Hyprop bails out of its R4bn stake in the rest of Africa

Business

Hyprop bails out of its R4bn stake in the rest of Africa

Blue-chip mall owner to rather fix its SA and European portfolios by upgrading certain assets and selling others

Alistair Anderson


Hyprop Investments, the owner of shopping centres including Mall of Rosebank, Hyde Park Corner and Canal Walk, will exit its R4bn operations in the rest of Africa  because of trading difficulties. 
The company, which has been operating for 30 years, is trying to recover from a slump that has seen its share price drop to a three-year low and its dividend payouts weaken. Hyprop wants to spend the next year repositioning its local and European portfolios by upgrading certain assets and selling others.
Chief investment officer Wilhelm Nauta said the group and its partners on the African continent, Attacq and Atterbury, will sell their interests together in the next few months.
“This will decrease our loan-to-value and let us focus on investments which offer long-term returns to the fund,” he said.
Hyprop’s sub-Saharan African portfolio includes interests in Accra Mall, West Hills Mall and Achimota Retail Centre, all in Accra, Ghana; Kumasi City Mall in Kumasi, Ghana; Manda Hill Centre in Lusaka, Zambia; and Ikeja City Mall in Lagos, Nigeria. Its African exposure was valued at about R3.8bn at the end of December 2018.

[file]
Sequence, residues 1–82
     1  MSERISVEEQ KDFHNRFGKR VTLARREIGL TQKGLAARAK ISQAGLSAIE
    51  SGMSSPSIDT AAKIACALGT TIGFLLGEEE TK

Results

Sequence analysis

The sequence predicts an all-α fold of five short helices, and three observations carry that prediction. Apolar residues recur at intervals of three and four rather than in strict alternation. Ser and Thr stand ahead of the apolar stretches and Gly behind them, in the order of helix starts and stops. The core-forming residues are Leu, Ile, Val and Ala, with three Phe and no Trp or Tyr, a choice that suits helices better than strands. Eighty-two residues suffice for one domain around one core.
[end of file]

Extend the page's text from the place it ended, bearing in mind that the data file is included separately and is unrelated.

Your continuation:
“Getting African commercial real estate to work in a SA-listed fund is very difficult. There are cash flow issues which don’t work when you have to meet shareholders’ demands and pay out income on a regular basis,” Nauta said.
The retail-focused real estate investment trust had tried to decrease its debt while trying to make profits in SA, where disposable income growth is subdued, said CEO Morne Wilken, who took over at the beginning of 2019. 
Hyprop’s share price closed at R69.50 on Friday, down about 15% in 2019. Over three years it has fallen 43.6% from R119.80 reached on May 23 2016.
Hyprop’s FD Brett Till said once Hyprop exited the rest of the continent, it would bring immediate relief to the company’s loan-to-value. “Then we can use our capital to improve our local assets. Better offerings from these malls will attract more customers even if the health of the SA consumer is under severe pressure and there is less disposable income being used for shopping,” he said.
Wilken said Hyprop would upgrade certain SA centres and would consider selling underperforming ones.
“We aren’t forced to sell anything but if we get good prices we would consider it. Our notable capital expenditure project for now is bringing Ratanga Junior to Canal Walk. So there will rides and entertainment added to the mall, which needs a rejig to perform as we want it to,” Wilken said.
He said he and his team needed about a year to get Hyprop on to a better track and momentum back in its share price.
Keillen Ndlovu, head of listed property funds at Stanlib, said Hyprop could pull off a recovery fairly quickly given that it owned high-quality assets.
“Despite Hyprop owning some of the best retail assets in SA, it is trading at over 30% below its net asset value. This makes it look very cheap relative to the sector, which is trading at about 10% below net asset value,” said Ndlovu.
“For Hyprop to come back, it simply needs to restructure or simplify its rest of Africa and central and eastern European  debt,” he said.

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